Orwell’s Britain and America’s future

9 Jul

Since watching Daniel Hannan’s fiery speech attacking British Prime Minister Gordon Brown last March, I’ve started to pay more attention to the US’s faithful subject, Great Britain. Hannan, a member of the European parliament, is the “Ron Paul” of England, and his popularity is growing in the same manner that Paul’s presidency bid did in the last US “election.” Hannan tars-and-feathers his Prime Minister for 3 minutes on the floor of the European Parliament for his government’s massive borrowing and spending, nationalization of major industries and institutions, most banks, and his utter incompetence.

Hannan, and his rising Conservative Party, are also highly critical of the many police-state measures that make George Orwell look more prophetic by the day. England, the birthplace of the Magna Carta, has over 4 million closed-circuit TV cameras that watch their every move, “speaking cameras” that warn people to pick up litter or stop loitering, and very restrictive gun laws (gun control is mandatory in any tyranny, whether it was Hitler disarming the Jews years before the Holocaust or the Jim Crow South that barred blacks from owning guns).

Not only are these policies huge violations of privacy and civil liberties, they are ineffective and laughably inefficient. There is no evidence that the presence of cameras deters any crime, and it’s easy to see why.  Britain’s cameras are frequently unmonitored and out of order, and the data they collect creates such a large database that it makes it much tougher to catch actual criminals. The more eyes Big Brother has, the less he tends to see.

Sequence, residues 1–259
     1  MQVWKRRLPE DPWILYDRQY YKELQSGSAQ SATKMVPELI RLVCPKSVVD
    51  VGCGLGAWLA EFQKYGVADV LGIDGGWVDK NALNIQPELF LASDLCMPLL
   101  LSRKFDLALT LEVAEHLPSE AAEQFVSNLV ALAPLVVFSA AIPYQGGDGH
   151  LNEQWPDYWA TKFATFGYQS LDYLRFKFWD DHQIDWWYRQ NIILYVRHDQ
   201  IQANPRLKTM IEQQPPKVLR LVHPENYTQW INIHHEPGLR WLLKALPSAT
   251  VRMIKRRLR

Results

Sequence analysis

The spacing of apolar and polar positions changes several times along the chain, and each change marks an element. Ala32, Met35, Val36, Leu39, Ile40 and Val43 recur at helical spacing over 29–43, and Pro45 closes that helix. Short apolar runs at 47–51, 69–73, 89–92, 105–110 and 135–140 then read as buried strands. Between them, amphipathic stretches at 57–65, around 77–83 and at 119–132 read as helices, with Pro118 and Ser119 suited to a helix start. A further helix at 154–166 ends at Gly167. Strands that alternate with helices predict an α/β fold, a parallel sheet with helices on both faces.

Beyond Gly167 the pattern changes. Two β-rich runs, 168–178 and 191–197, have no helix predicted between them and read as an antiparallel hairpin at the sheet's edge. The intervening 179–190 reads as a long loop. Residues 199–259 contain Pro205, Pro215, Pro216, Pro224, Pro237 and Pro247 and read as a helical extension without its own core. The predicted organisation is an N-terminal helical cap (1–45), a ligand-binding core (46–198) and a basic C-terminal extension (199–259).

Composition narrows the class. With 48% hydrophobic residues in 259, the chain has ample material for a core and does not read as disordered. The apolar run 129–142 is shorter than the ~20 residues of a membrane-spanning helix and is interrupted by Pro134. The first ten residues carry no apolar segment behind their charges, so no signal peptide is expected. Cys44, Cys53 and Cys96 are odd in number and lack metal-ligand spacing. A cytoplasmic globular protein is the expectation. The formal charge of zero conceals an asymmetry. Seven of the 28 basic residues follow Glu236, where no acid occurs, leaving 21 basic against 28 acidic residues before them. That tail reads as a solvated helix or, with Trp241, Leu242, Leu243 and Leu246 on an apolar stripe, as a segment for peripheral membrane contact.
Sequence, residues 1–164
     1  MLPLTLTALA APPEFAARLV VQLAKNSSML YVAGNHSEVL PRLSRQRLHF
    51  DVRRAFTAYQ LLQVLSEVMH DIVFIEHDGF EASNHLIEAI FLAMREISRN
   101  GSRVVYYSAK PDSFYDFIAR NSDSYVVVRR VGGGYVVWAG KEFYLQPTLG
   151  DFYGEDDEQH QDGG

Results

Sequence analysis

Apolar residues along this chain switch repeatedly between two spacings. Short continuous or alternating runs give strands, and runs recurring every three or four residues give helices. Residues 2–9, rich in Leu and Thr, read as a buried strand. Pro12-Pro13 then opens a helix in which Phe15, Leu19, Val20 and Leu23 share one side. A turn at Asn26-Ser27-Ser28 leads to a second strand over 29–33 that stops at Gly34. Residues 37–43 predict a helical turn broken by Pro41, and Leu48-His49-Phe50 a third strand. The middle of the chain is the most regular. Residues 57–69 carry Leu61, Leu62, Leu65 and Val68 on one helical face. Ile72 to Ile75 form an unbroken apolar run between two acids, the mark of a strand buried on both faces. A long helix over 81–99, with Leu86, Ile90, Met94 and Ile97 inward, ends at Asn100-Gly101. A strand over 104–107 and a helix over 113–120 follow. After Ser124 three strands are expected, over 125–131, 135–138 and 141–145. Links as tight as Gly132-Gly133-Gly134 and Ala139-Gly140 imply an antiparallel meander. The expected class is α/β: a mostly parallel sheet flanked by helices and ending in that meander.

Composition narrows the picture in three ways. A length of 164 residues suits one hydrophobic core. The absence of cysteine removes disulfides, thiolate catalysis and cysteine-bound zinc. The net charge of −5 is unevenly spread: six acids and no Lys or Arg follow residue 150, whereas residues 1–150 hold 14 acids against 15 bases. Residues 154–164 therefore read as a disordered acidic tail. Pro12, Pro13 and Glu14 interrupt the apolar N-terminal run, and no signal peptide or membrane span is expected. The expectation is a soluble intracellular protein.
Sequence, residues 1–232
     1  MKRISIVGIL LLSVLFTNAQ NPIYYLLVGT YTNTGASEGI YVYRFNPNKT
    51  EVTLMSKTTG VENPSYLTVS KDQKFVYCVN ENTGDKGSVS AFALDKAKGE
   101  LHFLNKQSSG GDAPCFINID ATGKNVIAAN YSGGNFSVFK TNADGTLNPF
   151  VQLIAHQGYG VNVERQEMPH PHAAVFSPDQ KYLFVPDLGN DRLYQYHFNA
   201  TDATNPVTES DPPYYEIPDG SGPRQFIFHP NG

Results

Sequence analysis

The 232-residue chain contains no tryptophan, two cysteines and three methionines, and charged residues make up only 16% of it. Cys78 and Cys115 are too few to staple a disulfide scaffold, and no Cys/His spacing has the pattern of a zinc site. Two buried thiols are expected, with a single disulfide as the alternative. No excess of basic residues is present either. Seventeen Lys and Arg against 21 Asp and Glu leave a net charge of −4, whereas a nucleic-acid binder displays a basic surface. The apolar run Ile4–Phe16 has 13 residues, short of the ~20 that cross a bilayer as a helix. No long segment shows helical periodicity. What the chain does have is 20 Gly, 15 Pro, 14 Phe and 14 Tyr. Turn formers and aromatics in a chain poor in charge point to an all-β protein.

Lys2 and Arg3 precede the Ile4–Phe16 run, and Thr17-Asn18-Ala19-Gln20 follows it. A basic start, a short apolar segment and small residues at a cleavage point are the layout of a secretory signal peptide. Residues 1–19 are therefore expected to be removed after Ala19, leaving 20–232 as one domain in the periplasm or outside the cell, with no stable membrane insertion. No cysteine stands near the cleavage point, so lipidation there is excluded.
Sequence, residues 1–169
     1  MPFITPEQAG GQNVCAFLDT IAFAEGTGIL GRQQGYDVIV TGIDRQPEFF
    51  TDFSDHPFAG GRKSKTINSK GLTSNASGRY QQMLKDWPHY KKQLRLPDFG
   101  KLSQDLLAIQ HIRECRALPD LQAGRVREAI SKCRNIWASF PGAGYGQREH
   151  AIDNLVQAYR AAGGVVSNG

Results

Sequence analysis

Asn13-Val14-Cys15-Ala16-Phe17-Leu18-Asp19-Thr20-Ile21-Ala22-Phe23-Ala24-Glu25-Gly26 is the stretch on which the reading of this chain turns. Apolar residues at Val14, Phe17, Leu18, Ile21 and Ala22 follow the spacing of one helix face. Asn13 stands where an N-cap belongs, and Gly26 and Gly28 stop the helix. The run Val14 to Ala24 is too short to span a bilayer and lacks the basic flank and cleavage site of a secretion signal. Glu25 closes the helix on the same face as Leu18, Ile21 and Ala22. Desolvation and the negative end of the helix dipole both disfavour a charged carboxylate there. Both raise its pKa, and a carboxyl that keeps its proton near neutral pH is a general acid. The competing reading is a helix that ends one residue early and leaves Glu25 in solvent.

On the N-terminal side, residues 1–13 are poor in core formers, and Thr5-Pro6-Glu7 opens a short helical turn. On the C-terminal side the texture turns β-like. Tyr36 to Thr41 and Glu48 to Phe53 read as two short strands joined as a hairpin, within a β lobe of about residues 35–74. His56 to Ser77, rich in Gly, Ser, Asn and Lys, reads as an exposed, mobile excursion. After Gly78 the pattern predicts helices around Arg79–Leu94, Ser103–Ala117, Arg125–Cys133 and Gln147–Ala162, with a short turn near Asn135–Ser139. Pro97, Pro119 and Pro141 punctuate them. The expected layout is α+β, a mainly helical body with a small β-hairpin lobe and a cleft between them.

The US and Britain have a so-called “special relationship,” and it is true in that what happens in Britain slowly but surely finds its away across the Atlantic. Britain was once a sun-defying empire that is now a broke and receding surveillance state. The US is a debt-ridden empire that has quite a few Orwellian tools to control and monitor its domestic empire over our cities, counties, and states. Cameras in stoplights that actually increase accidents, drug prohibition, cops that look like soldiers, warrantless wire-tapping, and armed guards at airports are all too common in the “land of the free.”

Privacy is essential in a free society, but unfortunately both liberals and conservatives don’t do a thorough enough job of defending it. Liberals are  correct that the right to privacy is threatened when the State restricts abortions and enforces morality, but do not object to massive invasions of economic privacy, like the income tax.  Conservatives want government “off their backs” but embrace it in defense of our foreign wars and restrictions of civil liberties.

Americans are not faced quite yet with the violations of privacy and liberty that are imposed on British citizens, but that doesn’t mean that it can’t happen here. Government, Nietzsche’s cold, cruel monster, feeds on power like an addiction, and the more freedom, privacy, and private property it takes, the more it wants. Though the thought of Orwell’s nightmares becoming reality in the US is a frightening one, it is comforting to know that government is too clumsy, inefficient, and wasteful to be omnipotent.


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